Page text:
Cinder returns in the second thrilling installment of the New York Times-bestselling Lunar Chronicles. She’s trying to break out of prison—even though if she succeeds, she’ll be the Commonwealth’s most wanted fugitive.
Halfway around the world, Scarlet Benoit’s grandmother is missing. It turns out there are many things Scarlet doesn’t know about her grandmother and the grave danger she has lived in her whole life. When Scarlet encounters Wolf, a street fighter who may have information as to her grandmother’s whereabouts, she has no choice but to trust him, though he clearly has a few dark secrets of his own.
As Scarlet and Wolf work to unravel one mystery, they find another when they cross paths with Cinder. Together, they must stay one step ahead of the vicious Lunar Queen who will do anything to make Prince Kai her husband, her king, her prisoner.
You can read about why I think Marissa is a creative force to be reckoned with here. Below you will find Marissa’s guest post on writing THE QUEEN’S ARMY, a prequel to the Lunar Chronicles series:
By Marissa Meyer
I suspect most novelists have vast amounts of back story living in their heads, or in random files on their computer, or jotted on scraps of paper in their story binders. We fall so in love with our worlds and characters that it’s sometimes hard to be selective over the things we include in the novel, versus those secretive tidbits that we think are fascinating, but don’t quite fit into the story. All we can do is hint at them and hope that an opportunity presents itself, someday, to share them with our readers.
Which is why I’ve loved writing the two Lunar Chronicles prequel stories for my publisher and Tor.com:
“Glitches,” which released in 2011, presents an eleven-year-old, newly-mechanized Cinder first coming to live with Adri and her family.
And my most recent short, “The Queen’s Army,” gives insight into the army of werewolf-like soldiers Queen Levana is creating in order to wage war on Earth. It focuses on one soldier in particular—young Ze’ev Kesley, or Z, who is determined to not let himself become a monster.
With writing a short story, not unlike writing a novel, the first step is to pinpoint the focus of the story. Hoping that the trend begun with CINDER and “Glitches” would continue with SCARLET, I’d already set aside some potential story ideas when the request came in. But when I sent all those ideas to my editor, “The Queen’s Army” was a clear winner. In part because it was the story I had the most fodder for, but also because it would allow readers a glimpse into a world they may not otherwise get to see (the underground army barracks on Luna and the genetic mutations that soldiers are subjected to).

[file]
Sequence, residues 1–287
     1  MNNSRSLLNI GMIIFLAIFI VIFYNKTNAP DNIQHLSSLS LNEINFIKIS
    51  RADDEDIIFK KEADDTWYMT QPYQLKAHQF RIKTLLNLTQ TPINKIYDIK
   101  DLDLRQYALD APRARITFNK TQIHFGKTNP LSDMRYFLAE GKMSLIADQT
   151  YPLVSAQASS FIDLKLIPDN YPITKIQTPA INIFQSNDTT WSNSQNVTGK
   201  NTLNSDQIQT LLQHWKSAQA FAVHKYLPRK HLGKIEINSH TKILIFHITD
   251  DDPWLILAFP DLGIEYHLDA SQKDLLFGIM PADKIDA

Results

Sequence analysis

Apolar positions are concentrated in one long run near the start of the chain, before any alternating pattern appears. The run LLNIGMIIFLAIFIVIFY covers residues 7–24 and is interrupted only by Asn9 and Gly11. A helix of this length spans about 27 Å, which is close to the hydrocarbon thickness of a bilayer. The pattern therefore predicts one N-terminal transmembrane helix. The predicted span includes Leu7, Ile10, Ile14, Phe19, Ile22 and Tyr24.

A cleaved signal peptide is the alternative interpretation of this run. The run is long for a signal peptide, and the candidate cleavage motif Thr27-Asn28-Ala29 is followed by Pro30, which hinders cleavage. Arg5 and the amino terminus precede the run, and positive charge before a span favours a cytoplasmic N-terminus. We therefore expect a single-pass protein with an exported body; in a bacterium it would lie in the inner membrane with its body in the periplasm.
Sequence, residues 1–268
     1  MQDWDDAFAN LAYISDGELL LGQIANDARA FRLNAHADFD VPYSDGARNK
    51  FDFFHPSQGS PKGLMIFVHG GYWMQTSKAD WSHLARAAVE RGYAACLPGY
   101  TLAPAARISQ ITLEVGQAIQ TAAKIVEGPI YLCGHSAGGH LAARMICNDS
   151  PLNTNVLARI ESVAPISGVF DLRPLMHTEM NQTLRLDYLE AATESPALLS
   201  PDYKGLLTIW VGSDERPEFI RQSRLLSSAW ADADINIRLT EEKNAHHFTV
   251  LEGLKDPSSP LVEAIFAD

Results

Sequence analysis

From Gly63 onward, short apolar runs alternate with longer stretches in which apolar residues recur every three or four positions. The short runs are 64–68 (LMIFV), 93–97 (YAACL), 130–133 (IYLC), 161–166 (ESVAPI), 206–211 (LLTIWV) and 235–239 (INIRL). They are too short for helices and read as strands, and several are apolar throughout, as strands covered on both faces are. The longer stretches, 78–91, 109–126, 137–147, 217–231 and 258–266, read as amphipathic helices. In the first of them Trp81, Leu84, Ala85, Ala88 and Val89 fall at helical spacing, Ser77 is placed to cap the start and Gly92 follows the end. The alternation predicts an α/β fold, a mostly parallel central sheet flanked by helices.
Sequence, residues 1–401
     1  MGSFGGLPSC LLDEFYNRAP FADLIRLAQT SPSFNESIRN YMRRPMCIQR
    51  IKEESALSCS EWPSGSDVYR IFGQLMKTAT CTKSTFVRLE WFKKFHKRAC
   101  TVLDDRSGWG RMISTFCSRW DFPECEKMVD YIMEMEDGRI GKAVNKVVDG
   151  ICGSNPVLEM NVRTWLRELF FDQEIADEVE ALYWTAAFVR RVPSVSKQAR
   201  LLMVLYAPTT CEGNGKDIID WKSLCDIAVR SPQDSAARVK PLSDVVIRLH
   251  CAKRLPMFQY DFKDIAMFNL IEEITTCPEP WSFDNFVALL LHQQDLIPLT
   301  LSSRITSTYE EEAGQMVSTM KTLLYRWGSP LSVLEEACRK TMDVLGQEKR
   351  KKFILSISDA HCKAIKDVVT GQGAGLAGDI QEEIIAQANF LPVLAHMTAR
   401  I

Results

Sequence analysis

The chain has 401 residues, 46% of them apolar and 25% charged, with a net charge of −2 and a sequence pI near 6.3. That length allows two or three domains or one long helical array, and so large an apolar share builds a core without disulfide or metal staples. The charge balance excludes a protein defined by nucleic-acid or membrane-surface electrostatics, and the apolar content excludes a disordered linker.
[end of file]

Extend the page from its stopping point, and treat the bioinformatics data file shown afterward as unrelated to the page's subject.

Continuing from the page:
With the topic decided, the second step was to go through SCARLET and note any points of reference that would relate to Z’s story and the werewolf army, to ensure the prequel was consistent with the novel.
This also helped me choose which elements of Z’s story to focus on. Novels naturally bring up a lot of questions that never get fully answered: Why do these characters hate each other so much? Where did that scar come from? What created this fear of needles or snakes or public speaking or whatever it is they’re afraid of? I chose the questions I wanted to answer and started piecing together the events of Z’s past that would answer them. I soon realized that my short story was turning into a novella (that’s a bad habit of mine), and had to cut out a few scenes to keep to the requested story length. This forced me to really focus on the important elements of Z’s story and the world-building I wanted readers to understand.
Also, like with a novel, a short story needs to have a beginning-middle-end structure that resolves at least one of the story’s main issues—for good or for bad. So that was a big focus when I was writing my outline—figuring out Z’s major character arc and how he would change over the course of the story.
Once I had my outline, the actual writing of “The Queen’s Army” was relatively easy. That’s one of the great things about prequel stories—there’s usually so much of them that I’ve already figured out in my head (setting details and character quirks, etc.) that it isn’t like being back at square one as it would be with starting a new novel. It’s also a lot of fun for me to have the opportunity to delve into these back stories, because no matter how much I thought I knew about a character or their world, I always end up learning so much more.
I hope that readers will be intrigued by Z and his choices in “The Queen’s Army,” as well as the results of those choices that begin to play out, years later, in the world of SCARLET.
Scarlet Blog Tour Schedule
Monday 1/21 Alexa Loves Books
Tuesday 1/22 Alice Marvels
Wednesday 1/23 Mermaid Vision Books
Thursday 1/24 Into the Hall of Books
Friday 1/25 Supernatural Snark
Saturday 1/26 Anna Reads
Sunday 1/27 A Backwards Story
Monday 1/28 Bewitched Bookworms
Tuesday 1/29 The Book Rat
Wednesday 1/30 Makeshift Bookmark
Thursday 1/31 Book Sake
Friday 2/1 Making the Grade
Saturday 2/2 Birth of a New Witch
Sunday 2/3 Two Chicks on Books
Enter to win a paperback copy of CINDER
*and* a hardback copy of SCARLET!
Open to US/Canada only and ends Wednesday, January 20, 2013 at midnight.